It’s said to cruise at more than 90 miles per hour on land and 134 mph in the air. Fuel consumption is estimated at about 60 mpg on the road and 22 mpg while airborne. Again, regular unleaded fuel from your neighborhood station is all you need.
Things have been moving quite rapidly in recent months for Samson Motorworks. The company has passed several of its “engineering milestones.” When they showed up at AirVenture last month in Wisconsin, the company had thousands of visitors, one of whom took out his checkbook and offered a deposit.
As a result of that, Samson Motorworks has since announced it is officially taking deposits for the Switchblade for those who want to secure an early delivery when it becomes available. The “target” price is $60,000, but that’s without engine or avionics. By the looks of things the Switchblade, could be hitting our air and road space sooner rather than later.
On Aug. 28, Switchblade creator and Samson President Sam Bousfield said in a press release, “we anticipate returning to AirVenture in 2010 next year with our first working prototype. That’ll be when the world of general aviation changes forever.”
Exepected to be available even sooner is a radio-controlled model that will be an exact replica at a quarter the scale. It’s expected to out soon.
The X-Hawk by Urban Aeronautics Ltd. (UrbanAero)
UrbanAero is an Israeli company founded by Rafi Yoeli with a mission to “create, manufacture and market a family of VTOL, multi-mission aircraft capable of operating safely in complex urban and natural environments.”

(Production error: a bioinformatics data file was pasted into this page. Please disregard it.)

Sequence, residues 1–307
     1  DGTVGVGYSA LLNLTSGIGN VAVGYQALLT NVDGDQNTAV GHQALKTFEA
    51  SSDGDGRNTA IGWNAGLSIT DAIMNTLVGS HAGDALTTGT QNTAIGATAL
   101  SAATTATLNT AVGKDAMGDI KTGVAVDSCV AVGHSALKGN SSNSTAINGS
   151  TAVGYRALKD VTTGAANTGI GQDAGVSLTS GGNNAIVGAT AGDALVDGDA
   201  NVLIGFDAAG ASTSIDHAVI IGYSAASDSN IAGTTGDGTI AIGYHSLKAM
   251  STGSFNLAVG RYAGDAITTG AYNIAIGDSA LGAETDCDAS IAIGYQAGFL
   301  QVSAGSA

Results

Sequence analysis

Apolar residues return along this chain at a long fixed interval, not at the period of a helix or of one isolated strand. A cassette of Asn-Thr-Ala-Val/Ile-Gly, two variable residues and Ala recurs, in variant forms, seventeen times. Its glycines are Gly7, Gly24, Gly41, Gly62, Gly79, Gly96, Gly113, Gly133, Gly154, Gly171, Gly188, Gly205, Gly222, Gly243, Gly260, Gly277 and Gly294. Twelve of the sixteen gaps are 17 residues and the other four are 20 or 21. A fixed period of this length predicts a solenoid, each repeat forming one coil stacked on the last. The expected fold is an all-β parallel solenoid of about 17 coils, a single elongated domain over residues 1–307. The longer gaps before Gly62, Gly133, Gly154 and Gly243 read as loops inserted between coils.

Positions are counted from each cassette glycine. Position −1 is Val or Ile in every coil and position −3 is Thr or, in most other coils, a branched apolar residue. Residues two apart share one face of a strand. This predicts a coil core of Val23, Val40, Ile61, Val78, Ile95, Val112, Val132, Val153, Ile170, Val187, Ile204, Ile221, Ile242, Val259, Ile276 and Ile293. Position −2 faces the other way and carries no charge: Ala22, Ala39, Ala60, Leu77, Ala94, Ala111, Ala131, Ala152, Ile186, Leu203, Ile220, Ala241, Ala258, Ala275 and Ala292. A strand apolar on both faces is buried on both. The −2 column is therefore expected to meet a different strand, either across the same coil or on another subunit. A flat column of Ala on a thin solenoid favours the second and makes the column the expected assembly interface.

Their creation, the X-Hawk flying car, outshines the standard “Vertical Take-Off and Landing” (VTOL) aircraft because it can take off and land like a helicopter but has no visible rotor blades.
How does it do that?
The X-Hawk has contained rotors and is therefore safer and quieter than standard helicopters. It can even “sustain a stable hover while in direct contact with a wall or the side of a mountain,” which of course means that it can be used anywhere, whether in the center of a city or remote rugged terrain.
Just think, medics could get to an accident scene in the middle of traffic, land safely in a crowd or conduct a rescue mission on a mountain side or a tower block. This takes the concept of flying cars into a whole new level.
The X-Hawk is said to be able to fly at speeds of 155 mph and reach an altitude of about 12,000 feet, with the ability to stay airborne for two hours. It uses “fly by wire technology” and meets all FAA (Federal Aviation Administration) requirements.
It could be ready as early as next year but it’s going to be expensive — an estimated cost of $1.5 million to $ 3.5 million. Still, if used by rescue services or the military to save lives, then it could well be worth it.
Lucy THM by Pietro Terzi — a Personal Air Vehicle
Lucy is the brainchild of freelance designer and engineer Pietro Terzi. It is a micro-light aircraft, really, designed to give greater personal mobility.